August 20, 2023

The opener Day Of Reckoning was enough to make me strap myself in for all four tracks and forget any thoughts of bailing early, but the following The Strange Door raised the stakes and kicked over the card table. 

I have to admit that I don’t always review EPs when they come my way – there are a lot of them, and they are often a taster of an imminent full album, so unless there is something of particular interest, an EP will often get shelved while waiting for the next album to come along. Sometimes, however, there is just something which catches the ear, and the attention, so strongly as to make an exception. Such is the case with this offering from Scottish outfit Sin Dogs (regularly stylised as /sin’dogs/, though I’m not sure why as ‘Sin Dogs’ is a fine name), both owing to its clear quality, but also for another reason. Namely, it is forcing me to admit that I was wrong (yes, I will admit to this on occasion!). The reason for this admission is that I prejudged this line-up of the band, and have been forced to eat my words by writing these words, if that tortured metaphorical mangling can be excused.

You see, when Sin Dogs came into being, they were formed and fronted by ex-Sensational Alex Harvey Band and Nazareth guitarist Zal Cleminson (you remember, the guy in the green outfit and face paint), and as a long time fan of both of those bands, my interest was piqued. Obviously, like any other musicians of 50-odd years pedigree, Zal has been involved in some less than stellar acts (I once encountered the short-lived Tandoori Cassette live, and it was not an occasion to savour), but overall his CV is one which draws me to his work. So, I made a mental note to check out Sin Dogs, but somehow things always got in the way, and their debut album passed me by unheard. The next thing I heard was that Zal had split from the band, who had recruited a new vocalist and guitarist (Peter Scallan and Andy McLaughlan respectively) and elected to carry on as a five-piece. That, I foolishly and judgementally thought, was where my curiosity ended, and I half forgot about the band. Fast forward to this month when this EP arrived, and I decided to check it out and see whether I had been correct to write them off. And I was effectively, as they say across the pond, ‘schooled’. The four tracks here absolutely leapt from the speakers at me, got me in a headlock, and dared me to underestimate them again. Put bluntly, this is a cracker!

Musically this is heavy, bludgeoning Classic Rock. It doesn’t threaten a new ‘jazz direction’ or anything like that, of that you may be assured. But there is real depth here which lifts it above the pack (of other ‘Dogs’, as you might say) which is crowding this particular niche of the market. The opener Day Of Reckoning is a blistering statement of intent, its riff grinding along like prime early Black Sabbath, but with a neat propulsive element aided by Nelson MacFarlane’s sprightly bass. It was enough to make me strap myself in for all four tracks and forget any thoughts of bailing early, but the following The Strange Door raised the stakes and kicked over the card table. This time the crushing anvil-heavy guitar is leavened by the keyboards of David Gowan, giving it a slightly ‘epic’ feel, a little akin to Metallica’s Wherever I May Roam married to Deep Purple’s Perfect Strangers. This is the track which most carries an air of Alex Harvey about it, with the way Scallan intones it in his rich brogue making it easy to imagine the late great Alex delivering it himself and relishing every syllable. A soaring chorus puts the final touch to what, to these ears is nothing less than a modern heavy rock classic.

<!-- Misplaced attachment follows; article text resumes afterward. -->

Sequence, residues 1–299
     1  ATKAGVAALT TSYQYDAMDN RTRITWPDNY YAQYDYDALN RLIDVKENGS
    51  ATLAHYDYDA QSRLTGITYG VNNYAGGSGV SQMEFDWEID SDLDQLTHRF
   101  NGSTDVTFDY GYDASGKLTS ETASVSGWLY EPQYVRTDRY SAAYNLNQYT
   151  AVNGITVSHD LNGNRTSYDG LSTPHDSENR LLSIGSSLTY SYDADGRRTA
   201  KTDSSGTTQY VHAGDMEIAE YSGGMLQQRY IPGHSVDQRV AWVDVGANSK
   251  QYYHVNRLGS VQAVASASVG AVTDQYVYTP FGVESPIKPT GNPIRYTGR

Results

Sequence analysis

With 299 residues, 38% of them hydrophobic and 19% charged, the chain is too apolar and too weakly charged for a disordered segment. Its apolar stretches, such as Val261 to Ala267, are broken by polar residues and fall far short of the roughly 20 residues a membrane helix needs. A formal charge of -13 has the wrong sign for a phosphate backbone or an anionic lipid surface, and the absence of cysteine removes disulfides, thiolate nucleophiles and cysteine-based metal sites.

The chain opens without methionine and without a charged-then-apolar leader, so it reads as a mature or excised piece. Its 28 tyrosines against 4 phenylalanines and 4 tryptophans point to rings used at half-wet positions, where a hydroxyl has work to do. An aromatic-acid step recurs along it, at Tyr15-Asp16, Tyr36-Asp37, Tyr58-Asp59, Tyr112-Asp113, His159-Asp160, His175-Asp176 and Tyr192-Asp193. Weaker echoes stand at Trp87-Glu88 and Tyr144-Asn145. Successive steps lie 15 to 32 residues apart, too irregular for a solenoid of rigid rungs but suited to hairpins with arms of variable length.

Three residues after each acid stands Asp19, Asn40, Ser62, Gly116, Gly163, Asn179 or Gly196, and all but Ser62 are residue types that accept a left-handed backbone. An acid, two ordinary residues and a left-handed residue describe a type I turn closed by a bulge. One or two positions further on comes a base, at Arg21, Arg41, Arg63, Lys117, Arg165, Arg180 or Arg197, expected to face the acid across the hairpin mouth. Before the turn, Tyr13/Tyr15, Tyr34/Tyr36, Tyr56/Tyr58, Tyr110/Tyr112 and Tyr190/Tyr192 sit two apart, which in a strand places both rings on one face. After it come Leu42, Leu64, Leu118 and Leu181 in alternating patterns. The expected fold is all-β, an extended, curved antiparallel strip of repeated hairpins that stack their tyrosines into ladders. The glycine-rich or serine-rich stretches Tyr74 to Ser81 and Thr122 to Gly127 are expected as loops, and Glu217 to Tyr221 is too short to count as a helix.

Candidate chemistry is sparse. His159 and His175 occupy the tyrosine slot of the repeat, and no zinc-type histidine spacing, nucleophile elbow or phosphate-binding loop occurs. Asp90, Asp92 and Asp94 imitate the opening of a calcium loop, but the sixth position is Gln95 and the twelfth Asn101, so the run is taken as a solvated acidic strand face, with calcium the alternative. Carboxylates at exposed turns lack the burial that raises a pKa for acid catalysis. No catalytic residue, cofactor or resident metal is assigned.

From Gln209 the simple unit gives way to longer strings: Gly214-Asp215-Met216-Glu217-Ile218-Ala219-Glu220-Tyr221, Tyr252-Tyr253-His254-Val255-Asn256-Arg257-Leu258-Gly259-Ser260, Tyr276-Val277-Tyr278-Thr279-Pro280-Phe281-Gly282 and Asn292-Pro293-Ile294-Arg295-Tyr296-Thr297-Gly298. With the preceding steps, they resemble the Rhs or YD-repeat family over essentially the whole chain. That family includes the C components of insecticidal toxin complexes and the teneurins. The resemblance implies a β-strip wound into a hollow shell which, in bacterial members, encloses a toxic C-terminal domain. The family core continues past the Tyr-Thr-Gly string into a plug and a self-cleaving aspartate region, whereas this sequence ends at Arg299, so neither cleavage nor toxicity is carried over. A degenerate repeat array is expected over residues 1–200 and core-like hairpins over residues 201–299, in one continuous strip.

Knock Em Dead comes up next, and proceeds to accept that mission and carry it out. Another riff so heavy that it sounds positively primordial is again given a boost by sympathetic keyboards, and ends up a little like a slightly slower and down-tuned late-period Iron Maiden. Three up, and three winners, but are things all going to have the same sort of feel to them? Not a bit of it, as things are changed for the soulful rock balladry of Dark Side Of Your Soul, which meanders in a smokily beautiful manner for about three of its five minutes before the full band kick in behind a magnificent guitar solo from McLaughlan, Think of that part of November Rain when Slash goes all ‘guitar hero’ on us, and emotes as if his life depends on it. Well, match that feeling to a better, and less overwrought song, and you have this lighter-waving piece of class.

The title of the EP, Renascence, incidentally, is a particularly apt and well chosen one. Often incorrectly cited as a synonym for ‘renaissance’, there is in fact a crucial difference – whereas a renaissance refers to a revival of something, a renascence is a rebirth, pointing to a similar second coming of sorts, but in a new way as opposed to a revival of the same. You can’t get a better definition of the Sin Dogs situation than that. Four tracks, and it has to be said, not a trace of a dip in form among them, let alone a dud. If their second album ends up being an extension of this quality, it’s going to be some release. I came into this thinking that Zal Cleminson was likely to be my main focus of interest in this band. Having heard this, I’m revising my opinion that he wouldn’t get his place back as he simply couldn’t top this. Sorry Zal, but your old team have played an absolute blinder here! Check this out, you won’t regret it.